Indigo: Ukiyo-e colorant
Indigo 藍(ai): A natural dark blue dye obtained from Indigofera tinctoria plants native to India, Java, Peru, and other tropical areas. The use of indigo was first mentioned in Indian manuscripts in the 4th century BCE. In Japan, indigo was introduced from China in the 6th century. The dye is obtained from an indigo plant native to Asia, Persicaria tinctoria. Indian indigo was imported at the beginning of the Meiji period (1868-1912).
Indigo and dayflower are the two blues used in Japanese woodblock prints until Prussian blue enters the palette in the 1830's. Indigo appears most frequently from the 1740’s onwards as a color mixed with orpiment to produce a variety of greens. As a single colorant, it appears as a comparatively dull blue color. Due to its poor tinting strength, a relatively large amount needs to be used during printing in order to obtain a good saturation of this color. Its texture is somewhat coarse which makes it difficult to execute graduated hues from dark to light. Unlike dayflower, it is stable to moisture but is prone to fading.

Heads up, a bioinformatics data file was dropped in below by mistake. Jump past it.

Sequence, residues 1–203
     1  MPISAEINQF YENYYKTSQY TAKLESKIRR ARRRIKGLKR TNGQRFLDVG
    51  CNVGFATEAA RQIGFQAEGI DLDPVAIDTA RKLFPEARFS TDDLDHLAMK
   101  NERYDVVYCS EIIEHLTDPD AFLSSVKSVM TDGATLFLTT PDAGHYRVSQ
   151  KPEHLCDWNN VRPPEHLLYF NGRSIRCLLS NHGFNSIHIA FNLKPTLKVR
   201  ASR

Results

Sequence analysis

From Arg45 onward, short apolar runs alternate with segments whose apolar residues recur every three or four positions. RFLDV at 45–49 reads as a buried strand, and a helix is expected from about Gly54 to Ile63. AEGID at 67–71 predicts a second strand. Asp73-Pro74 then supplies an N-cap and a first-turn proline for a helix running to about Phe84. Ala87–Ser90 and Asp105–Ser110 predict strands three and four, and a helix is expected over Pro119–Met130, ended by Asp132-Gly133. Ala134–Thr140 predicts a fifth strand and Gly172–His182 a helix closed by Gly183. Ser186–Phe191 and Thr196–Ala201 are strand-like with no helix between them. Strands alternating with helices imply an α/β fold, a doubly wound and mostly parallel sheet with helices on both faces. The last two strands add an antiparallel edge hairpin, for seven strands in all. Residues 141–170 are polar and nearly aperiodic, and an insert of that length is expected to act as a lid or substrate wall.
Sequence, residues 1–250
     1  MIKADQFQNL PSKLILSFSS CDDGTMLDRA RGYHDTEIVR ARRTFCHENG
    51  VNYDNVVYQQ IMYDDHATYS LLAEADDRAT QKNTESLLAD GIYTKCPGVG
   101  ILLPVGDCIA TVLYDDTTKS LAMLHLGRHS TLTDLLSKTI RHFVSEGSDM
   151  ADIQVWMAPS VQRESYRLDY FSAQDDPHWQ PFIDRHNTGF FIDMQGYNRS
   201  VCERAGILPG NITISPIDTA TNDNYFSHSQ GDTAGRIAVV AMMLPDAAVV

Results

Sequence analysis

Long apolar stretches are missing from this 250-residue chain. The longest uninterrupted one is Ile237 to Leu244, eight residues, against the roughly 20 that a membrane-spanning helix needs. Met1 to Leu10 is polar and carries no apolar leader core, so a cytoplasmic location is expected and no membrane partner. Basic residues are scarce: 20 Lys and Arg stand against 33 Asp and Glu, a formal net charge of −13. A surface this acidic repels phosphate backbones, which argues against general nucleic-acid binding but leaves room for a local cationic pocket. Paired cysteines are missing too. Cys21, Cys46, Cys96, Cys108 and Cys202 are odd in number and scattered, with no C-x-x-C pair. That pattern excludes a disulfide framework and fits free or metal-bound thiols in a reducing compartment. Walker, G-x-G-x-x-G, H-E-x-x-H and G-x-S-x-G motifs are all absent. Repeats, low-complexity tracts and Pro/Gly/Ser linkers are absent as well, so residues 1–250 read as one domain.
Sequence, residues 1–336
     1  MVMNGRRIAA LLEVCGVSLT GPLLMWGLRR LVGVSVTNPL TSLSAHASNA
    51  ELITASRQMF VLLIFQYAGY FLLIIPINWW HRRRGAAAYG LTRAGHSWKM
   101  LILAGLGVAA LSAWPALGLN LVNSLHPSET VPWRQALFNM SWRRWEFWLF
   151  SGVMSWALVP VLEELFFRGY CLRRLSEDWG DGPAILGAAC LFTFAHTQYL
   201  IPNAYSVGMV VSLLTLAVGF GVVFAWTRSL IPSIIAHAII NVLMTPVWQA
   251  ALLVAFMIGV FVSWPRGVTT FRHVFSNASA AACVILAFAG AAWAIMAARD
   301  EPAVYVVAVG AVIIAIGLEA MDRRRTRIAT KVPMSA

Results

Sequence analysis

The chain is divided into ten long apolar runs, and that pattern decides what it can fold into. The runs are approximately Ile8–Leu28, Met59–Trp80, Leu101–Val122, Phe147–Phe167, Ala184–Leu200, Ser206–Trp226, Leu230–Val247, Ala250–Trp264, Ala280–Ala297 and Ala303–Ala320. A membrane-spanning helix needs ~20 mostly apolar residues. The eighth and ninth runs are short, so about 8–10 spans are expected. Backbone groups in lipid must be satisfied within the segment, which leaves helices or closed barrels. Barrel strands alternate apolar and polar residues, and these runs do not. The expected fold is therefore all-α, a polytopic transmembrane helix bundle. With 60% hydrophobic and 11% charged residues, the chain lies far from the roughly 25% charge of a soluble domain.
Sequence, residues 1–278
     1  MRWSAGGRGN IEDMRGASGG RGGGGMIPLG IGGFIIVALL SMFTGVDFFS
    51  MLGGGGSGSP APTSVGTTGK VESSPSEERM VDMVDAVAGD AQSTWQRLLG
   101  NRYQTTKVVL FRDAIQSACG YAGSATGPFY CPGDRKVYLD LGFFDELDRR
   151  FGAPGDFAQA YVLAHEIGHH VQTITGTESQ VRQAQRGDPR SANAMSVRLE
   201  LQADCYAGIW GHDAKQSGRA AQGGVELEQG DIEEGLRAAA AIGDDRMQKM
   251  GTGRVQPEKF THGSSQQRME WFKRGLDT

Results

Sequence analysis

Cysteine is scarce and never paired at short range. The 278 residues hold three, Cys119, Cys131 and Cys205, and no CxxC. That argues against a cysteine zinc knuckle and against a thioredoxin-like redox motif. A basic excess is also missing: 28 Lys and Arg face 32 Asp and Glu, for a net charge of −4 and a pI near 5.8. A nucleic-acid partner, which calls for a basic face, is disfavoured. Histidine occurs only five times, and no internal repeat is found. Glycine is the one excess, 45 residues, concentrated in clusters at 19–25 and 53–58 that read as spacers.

Indigo and orpiment are mixed or overprinted to create a green. This mixture is the most commonly seen combination to create a green.
For more information see: Indigo
Examples of Indigo in Ukiyo-e Prints
Fiber optic reflectance spectroscopy (FORS) can easily identify the three blues: dayflower, indigo, and Prussian blue.
Other Images of Indigo
Add 千種の花、vol2 p16
List of Prints
Below is a list of prints where indigo was detected.
Pages in category "Indigo: Ukiyo-e colorant"
The following 13 pages are in this category, out of 13 total.
- TEST-Utamaro I, Women Overnight Guests, a Triptych, 21.6328-30
- TEST-Utamaro I, Women Overnight Guests, left panel of triptych, 21.6328
- Toyokuni, Actor Arashi Kitsusaburô I as the Monkey Trainer Yojirô, in the Horikawa Scene of the Play Oshun and Denbei, 11.30331
- Toyonobu, Rain in the Fifth Month, 11.19048
- Toyonobu, Young Couple Burning Maple Leaves to Heat Sake, 11.19676